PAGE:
‘Listening to Your Heart’ Could Improve Body Image, Says Study

Listen to Your Heart Improves BrainWomen who are more aware of their bodies from within are less likely to think of their bodies principally as objects, according to research published February 6 in the open access journal PLOS ONE by Vivien Ainley and Manos Tsakiris from the Department of Psychology at Royal Holloway, University of London.

The authors asked healthy female student volunteers aged between 19 — 26 to concentrate and count their own heartbeats, simply by "listening" to their bodies. Their accuracy in this heartbeat perception test was compared with their degree of self-objectification, based on how significant they considered 10 body attributes to their sense of self. Attributes were both appearance-based, like attractiveness and body measurements, and competence-based, such as health and energy levels.

The more accurate the women were in detecting their heartbeats, the less they tended to think of their bodies as objects. These findings have important implications for understanding body image dissatisfaction and clinical disorders which are linked to self-objectification, such as anorexia.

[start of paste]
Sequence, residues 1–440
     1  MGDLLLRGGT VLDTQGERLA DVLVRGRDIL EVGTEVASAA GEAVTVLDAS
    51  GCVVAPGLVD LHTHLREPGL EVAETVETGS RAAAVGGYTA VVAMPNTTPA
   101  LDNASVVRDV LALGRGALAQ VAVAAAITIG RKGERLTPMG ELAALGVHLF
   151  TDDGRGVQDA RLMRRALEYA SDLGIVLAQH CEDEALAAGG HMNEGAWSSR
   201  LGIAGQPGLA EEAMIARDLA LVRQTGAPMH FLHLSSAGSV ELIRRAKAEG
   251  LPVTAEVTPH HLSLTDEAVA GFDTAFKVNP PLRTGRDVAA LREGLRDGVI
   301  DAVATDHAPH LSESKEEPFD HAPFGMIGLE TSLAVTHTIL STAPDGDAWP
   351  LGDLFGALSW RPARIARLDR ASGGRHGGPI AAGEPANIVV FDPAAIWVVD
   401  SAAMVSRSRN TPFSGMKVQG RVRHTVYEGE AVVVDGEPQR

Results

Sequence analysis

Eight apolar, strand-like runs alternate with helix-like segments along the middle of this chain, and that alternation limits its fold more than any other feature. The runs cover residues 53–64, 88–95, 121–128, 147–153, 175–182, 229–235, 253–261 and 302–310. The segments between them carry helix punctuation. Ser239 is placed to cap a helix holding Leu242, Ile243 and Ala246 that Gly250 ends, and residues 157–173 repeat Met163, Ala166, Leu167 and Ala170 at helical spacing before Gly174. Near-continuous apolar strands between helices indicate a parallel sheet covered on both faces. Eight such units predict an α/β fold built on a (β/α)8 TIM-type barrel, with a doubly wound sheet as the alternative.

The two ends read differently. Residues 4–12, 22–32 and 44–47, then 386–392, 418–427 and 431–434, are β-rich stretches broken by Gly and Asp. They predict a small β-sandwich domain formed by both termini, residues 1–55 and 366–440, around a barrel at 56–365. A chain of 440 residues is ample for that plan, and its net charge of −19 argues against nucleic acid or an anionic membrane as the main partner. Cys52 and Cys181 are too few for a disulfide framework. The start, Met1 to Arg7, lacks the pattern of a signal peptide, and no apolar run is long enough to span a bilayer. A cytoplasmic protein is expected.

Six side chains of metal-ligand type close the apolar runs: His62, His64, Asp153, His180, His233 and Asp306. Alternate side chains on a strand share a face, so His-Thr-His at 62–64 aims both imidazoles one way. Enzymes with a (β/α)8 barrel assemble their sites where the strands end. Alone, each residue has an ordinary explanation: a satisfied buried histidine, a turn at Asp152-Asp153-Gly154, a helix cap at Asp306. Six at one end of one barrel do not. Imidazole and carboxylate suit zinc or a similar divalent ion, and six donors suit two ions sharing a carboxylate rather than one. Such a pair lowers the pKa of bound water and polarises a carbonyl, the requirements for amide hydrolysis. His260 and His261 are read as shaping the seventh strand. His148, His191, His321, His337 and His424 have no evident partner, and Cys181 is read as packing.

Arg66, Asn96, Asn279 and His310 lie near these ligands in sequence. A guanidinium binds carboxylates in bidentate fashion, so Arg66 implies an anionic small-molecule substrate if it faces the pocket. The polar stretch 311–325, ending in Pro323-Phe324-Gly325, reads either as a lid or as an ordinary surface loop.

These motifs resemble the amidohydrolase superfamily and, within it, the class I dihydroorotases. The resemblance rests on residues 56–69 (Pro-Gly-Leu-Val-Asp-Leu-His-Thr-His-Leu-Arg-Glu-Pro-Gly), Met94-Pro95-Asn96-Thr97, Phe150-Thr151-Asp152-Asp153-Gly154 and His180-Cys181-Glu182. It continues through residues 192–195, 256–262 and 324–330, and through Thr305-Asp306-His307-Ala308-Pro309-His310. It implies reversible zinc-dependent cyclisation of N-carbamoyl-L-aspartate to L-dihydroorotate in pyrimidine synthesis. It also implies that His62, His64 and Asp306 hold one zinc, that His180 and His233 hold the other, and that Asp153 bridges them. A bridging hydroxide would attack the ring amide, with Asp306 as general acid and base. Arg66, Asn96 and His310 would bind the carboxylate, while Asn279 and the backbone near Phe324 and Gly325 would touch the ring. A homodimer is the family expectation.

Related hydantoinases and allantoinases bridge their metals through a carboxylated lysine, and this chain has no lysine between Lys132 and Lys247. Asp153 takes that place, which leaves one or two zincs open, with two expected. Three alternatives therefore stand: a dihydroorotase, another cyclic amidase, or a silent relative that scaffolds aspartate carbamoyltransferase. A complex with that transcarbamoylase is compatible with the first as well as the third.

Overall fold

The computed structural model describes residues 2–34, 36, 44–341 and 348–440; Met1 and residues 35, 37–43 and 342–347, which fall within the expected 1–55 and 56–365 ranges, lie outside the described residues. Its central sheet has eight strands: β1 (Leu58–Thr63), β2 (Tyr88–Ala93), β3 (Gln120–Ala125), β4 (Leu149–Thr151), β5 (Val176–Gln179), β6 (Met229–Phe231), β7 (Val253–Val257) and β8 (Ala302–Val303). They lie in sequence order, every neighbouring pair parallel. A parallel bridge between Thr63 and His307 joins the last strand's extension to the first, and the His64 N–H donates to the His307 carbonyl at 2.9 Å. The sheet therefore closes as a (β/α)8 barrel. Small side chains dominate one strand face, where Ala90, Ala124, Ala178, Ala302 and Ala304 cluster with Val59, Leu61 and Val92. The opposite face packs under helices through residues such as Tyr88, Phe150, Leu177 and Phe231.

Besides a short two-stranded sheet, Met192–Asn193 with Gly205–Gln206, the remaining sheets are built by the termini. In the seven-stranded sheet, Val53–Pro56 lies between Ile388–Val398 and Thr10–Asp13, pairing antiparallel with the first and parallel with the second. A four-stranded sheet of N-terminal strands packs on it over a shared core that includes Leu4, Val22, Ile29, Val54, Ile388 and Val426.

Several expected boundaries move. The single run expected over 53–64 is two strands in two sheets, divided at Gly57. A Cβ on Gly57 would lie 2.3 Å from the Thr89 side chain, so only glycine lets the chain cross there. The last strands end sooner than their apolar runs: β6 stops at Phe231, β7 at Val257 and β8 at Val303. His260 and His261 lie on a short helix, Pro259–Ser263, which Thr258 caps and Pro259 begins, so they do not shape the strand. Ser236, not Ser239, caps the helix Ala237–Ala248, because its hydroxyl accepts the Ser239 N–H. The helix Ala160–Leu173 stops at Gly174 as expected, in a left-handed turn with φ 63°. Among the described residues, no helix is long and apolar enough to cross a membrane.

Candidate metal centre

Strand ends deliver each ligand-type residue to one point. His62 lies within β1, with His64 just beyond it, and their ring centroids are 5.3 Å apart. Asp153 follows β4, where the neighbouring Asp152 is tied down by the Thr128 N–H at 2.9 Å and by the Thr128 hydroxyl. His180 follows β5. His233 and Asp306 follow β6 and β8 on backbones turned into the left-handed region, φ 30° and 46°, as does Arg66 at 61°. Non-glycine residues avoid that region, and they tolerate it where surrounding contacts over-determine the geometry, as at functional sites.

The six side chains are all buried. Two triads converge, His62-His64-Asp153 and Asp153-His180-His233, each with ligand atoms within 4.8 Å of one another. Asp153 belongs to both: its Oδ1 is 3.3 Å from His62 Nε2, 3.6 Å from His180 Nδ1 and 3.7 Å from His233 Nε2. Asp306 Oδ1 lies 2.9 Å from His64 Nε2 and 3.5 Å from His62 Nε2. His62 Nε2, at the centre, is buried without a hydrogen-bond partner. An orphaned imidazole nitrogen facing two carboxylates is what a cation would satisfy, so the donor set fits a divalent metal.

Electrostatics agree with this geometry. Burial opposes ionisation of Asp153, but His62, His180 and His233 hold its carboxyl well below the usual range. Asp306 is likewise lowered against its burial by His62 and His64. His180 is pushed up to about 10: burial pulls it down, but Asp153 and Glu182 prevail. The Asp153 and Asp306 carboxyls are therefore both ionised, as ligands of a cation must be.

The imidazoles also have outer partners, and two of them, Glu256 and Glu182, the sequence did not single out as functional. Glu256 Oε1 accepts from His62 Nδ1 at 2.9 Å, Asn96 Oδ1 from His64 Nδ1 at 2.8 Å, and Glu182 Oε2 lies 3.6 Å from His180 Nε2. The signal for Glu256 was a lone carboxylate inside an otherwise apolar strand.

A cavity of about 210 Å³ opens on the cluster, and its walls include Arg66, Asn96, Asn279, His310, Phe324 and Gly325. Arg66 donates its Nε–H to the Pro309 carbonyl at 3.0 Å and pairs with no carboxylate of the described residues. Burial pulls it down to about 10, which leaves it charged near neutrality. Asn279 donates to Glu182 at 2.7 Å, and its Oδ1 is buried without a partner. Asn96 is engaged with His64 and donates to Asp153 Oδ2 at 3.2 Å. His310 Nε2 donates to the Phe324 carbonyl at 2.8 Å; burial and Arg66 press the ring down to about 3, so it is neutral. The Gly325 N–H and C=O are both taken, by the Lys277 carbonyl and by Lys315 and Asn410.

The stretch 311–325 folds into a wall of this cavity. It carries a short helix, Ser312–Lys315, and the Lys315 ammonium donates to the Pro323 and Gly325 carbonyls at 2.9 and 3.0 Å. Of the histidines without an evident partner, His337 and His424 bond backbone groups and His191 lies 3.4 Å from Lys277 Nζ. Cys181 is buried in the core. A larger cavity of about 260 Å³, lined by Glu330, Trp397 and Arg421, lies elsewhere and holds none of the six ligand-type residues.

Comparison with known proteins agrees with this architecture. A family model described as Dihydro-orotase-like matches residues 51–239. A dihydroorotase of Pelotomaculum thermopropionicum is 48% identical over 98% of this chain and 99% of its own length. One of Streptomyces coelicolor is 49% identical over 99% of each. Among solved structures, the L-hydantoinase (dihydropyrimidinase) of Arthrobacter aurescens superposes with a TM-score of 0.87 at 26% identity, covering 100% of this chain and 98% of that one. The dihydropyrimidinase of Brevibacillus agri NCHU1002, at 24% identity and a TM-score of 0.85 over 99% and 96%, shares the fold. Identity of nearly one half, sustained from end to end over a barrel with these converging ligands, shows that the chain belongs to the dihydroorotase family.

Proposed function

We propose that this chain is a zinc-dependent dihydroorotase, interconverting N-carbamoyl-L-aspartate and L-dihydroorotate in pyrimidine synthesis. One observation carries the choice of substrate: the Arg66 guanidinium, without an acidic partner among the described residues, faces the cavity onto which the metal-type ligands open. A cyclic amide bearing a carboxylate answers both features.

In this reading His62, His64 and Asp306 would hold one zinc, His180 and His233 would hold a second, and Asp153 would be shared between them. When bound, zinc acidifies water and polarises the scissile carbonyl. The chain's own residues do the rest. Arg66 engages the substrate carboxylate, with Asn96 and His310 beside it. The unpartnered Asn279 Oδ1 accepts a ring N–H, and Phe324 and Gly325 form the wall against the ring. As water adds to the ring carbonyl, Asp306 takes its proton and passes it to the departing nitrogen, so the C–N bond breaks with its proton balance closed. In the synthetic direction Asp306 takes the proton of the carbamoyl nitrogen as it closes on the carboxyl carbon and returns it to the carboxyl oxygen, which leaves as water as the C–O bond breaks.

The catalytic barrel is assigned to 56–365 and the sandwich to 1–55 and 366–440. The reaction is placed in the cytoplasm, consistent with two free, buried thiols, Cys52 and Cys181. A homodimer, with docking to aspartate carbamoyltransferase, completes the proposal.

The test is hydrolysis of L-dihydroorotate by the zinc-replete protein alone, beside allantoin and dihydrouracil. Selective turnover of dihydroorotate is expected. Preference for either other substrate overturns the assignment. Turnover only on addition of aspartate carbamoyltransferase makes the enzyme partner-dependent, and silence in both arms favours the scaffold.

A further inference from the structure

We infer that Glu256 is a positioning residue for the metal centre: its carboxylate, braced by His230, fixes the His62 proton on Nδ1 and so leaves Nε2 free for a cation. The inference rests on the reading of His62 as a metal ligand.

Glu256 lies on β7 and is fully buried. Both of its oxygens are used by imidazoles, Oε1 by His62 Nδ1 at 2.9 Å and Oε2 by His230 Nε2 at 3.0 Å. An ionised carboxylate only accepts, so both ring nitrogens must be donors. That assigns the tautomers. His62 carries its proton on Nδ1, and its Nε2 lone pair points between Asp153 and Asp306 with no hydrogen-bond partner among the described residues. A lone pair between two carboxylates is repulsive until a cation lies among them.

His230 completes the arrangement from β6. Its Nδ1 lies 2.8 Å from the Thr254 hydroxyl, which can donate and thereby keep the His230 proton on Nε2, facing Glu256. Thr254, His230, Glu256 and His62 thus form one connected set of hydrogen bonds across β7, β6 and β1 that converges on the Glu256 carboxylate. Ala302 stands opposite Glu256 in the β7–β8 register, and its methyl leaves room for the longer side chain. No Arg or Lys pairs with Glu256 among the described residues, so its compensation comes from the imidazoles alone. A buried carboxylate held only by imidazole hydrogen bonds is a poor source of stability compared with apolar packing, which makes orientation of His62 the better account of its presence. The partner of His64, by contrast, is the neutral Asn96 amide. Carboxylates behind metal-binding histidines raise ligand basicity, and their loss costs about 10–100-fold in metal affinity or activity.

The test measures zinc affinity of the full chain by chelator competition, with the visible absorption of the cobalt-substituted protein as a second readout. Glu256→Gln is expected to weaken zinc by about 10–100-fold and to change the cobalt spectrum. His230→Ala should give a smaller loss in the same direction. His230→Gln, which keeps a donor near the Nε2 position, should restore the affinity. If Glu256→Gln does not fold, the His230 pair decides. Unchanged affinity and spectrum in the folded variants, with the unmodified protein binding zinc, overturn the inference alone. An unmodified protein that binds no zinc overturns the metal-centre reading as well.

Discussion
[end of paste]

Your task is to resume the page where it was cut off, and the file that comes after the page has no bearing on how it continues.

Full story of the heat and mental health at Science Daily

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Beedie Savage – President of Quantum Units Education

This is your brain on ‘Sesame Street’

Sesame Street Mental Brain StudyScientists can’t really know what a child is thinking, but they are interested in the brain processes that happen in educational settings. To that end, a new study in PLOS Biology compares the brains of children and adults, using "Sesame Street" as a way to test what happens on a neurological level during a popular TV program aimed at learning.

"We’re kind of honing in on what brain regions are important for real-world mathematics learning in children," said lead study author Jessica Cantlon, assistant professor of brain and cognitive sciences at the University of Rochester.

Methods:

Participants included 27 typically developing children, ages 4 to 10, and 20 adults between ages 18 and 25. Each participant took part in one or more of the three components to the study.

Researchers focused on what happens in the brain during mathematical lessons. They used functional magnetic resonance imaging (fMRI) to measure the neural activity in participants.

In one part of the experiment, children and adults watched the same 20-minute montage of clips from "Sesame Street," and the fMRI scanner measured their brain activity for the duration of the video. Some clips were related to counting, while others were about colors, animals and other non-math topics. In a different task, participants had to determine whether the stimuli they were shown were the same or different, such as faces and numbers. Children were also given standardized IQ tests after the scanning.

Full story on brain study at CNN Health

Photos courtesy of and copyright PhotoPin, http://photopin.com/

Beedie Savage – President of Quantum Units Education